Women were still working in the home when the theory of economic man rose to popularity. Her self-sacrificing nature (as viewed through the eyes of men) constrained her contributions in the private sphere, which was considered economically irrelevant. Everything that society expected a woman to do was uncounted – raising children, cleaning, and cooking can’t be quantified as goods with value in traditional economics – so they aren’t treated as activities that create value in daily life (for the record, the global value of unpaid care work is currently estimated at $US10 trillion – one-eighth of the world’s GDP).
In retrospect, that was pretty uncool on principle. But as women joined the workforce, that devaluation was never updated for the realities of modern life and it began to have real economic consequences. The economic policies that should be in place to make women’s (and everyone’s!) lives better just don’t exist. We deprioritize essential programs and initiatives like maternity and paternity leave; universal child care and early childhood education; eliminating the tipped minimum wage (two-thirds of tipped workers are women); expanding Social Security (the average female retiree receives over $US300 less per check than her male counterpart); and laws against discrimination in hiring, pay, and promotion.
It would be better for everyone if we adopted a system that recognised women as an equal partner in the economy, but you can’t recognise economic woman if your models don’t believe that she exists. It’s a vicious cycle.
Take the theory of marginal product of labour, for example – the foundational theory in labour economics that workers are paid exactly what they’re worth based on the individual value that they create. If we take that to be true, then it follows that women earn lower wages across the board than men do simply because they are less productive. When they show up to do the same work, they are less valuable than a man would be.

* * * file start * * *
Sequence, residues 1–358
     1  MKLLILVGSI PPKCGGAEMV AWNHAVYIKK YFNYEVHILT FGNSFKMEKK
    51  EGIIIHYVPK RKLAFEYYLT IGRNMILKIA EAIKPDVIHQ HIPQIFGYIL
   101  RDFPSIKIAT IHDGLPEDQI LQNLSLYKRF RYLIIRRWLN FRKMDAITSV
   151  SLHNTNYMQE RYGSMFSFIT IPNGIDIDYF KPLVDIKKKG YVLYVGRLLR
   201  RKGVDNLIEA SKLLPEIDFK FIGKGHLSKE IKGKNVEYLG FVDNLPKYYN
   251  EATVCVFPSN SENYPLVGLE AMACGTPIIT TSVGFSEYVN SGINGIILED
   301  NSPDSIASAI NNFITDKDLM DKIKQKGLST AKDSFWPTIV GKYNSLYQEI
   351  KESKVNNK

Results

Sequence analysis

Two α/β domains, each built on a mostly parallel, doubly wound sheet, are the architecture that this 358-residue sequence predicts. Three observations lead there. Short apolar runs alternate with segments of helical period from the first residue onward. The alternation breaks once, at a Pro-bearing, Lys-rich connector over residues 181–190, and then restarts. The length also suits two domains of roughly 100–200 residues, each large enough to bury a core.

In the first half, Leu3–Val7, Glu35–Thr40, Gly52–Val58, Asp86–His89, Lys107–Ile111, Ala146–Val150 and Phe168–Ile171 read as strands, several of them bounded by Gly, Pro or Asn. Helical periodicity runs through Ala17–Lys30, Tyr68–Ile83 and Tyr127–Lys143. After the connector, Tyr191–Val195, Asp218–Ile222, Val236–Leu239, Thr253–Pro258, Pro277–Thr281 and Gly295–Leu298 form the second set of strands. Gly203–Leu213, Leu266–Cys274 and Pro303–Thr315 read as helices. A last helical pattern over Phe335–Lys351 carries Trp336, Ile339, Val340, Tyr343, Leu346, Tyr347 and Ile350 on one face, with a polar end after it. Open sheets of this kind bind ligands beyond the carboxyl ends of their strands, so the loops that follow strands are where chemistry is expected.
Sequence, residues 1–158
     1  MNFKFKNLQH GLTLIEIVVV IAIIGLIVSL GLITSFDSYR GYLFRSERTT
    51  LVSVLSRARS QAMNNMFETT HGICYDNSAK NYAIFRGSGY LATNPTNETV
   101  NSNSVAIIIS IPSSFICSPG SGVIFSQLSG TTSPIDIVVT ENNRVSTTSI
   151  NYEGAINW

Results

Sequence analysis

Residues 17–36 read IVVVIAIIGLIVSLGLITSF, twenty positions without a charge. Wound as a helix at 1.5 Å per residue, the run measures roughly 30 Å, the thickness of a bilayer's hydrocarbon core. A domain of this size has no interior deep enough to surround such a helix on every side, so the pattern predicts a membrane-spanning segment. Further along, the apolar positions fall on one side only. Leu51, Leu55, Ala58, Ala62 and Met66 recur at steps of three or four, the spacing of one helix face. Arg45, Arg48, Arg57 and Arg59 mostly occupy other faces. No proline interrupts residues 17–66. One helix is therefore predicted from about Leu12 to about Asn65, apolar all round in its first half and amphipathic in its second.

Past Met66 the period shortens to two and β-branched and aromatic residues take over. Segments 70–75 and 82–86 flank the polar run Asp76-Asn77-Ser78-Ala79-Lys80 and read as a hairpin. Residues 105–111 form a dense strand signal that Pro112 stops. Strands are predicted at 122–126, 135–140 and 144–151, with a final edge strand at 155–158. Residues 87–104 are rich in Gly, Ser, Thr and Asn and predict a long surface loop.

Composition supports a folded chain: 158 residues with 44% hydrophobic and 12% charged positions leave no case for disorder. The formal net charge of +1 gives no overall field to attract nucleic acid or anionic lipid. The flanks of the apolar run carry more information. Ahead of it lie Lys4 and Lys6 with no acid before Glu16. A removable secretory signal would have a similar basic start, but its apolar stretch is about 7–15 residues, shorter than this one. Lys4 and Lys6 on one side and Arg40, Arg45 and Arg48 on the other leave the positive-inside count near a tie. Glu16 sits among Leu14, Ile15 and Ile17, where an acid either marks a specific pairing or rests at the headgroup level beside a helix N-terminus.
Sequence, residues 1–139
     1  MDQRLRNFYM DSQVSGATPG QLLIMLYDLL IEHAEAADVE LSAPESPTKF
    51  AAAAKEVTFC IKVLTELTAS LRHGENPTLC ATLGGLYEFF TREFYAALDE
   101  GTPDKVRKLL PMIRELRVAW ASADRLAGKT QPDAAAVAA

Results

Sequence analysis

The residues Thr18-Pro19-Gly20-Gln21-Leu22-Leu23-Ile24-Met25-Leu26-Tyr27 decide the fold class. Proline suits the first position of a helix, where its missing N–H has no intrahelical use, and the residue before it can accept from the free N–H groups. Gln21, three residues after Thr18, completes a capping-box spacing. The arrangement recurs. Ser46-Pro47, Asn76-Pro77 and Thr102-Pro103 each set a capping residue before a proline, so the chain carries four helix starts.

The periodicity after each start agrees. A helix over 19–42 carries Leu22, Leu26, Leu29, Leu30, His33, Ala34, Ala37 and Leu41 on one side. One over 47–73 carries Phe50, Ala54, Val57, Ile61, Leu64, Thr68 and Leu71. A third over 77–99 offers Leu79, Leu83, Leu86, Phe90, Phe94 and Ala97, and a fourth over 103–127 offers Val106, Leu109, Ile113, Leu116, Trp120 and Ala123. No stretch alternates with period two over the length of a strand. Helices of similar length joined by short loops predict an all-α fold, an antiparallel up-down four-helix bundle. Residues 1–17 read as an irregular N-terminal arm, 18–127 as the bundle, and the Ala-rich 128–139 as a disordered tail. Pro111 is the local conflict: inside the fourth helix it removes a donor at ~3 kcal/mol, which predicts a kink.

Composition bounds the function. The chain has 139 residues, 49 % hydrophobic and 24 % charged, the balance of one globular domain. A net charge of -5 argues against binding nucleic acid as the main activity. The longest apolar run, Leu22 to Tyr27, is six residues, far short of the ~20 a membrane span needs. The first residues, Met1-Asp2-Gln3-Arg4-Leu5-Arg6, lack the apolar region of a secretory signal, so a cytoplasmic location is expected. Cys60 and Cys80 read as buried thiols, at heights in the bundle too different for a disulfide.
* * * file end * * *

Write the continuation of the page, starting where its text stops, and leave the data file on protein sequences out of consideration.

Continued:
It’s not worth it to spend time refuting that notion here – it’s obviously not true. But in a 2014 survey of professional economists, 54% of male economists agreed with the statement that the gender wage gap is largely explained by differences in education and voluntary occupational choices. Only 14% of female economists said the same. Women know it’s BS. But there aren’t enough women in economics to do anything about it (and the women that are in economics are consistently being devalued by their male colleagues).
With all of this in mind, it becomes unsurprising and even predictable that women make up 63% of federal minimum-wage workers but only 5% of CEOs at Fortune 500 firms. In economic policy, as it is in the entire field of economics, women are still defined as the “other” – only in relation to economic man, only as the second sex.
On the “Pitchfork Economics” podcast this week, we’re wrestling with the nonexistence of economic woman. Economist Dr. Lisa D. Cook and pre-doctoral student Anna Gifty Opoku-Agyeman share the experiences that led them to write a New York Times op-ed this year about discrimination against black women in economics (black women accounted for only 2% of bachelor’s degrees in economics in 2017, and 0.6% of doctoral degrees). And journalist Katrine Marçal, the author of “Who Cooked Adam Smith’s Dinner? A Story of Women and Economics,” joins us to imagine what an inclusive economics might look like.
The policies that govern our lives are based on the economics that we decide to follow. The only path to a new economics is by full representation. If women were reliably included in the field of economics, we would have better outcomes for everyone. This isn’t about putting down one half of the population in service of the other, but instead about crafting an economy that addresses the realities of the world – as opposed to relying on theories that were adopted before women took the rights they were due.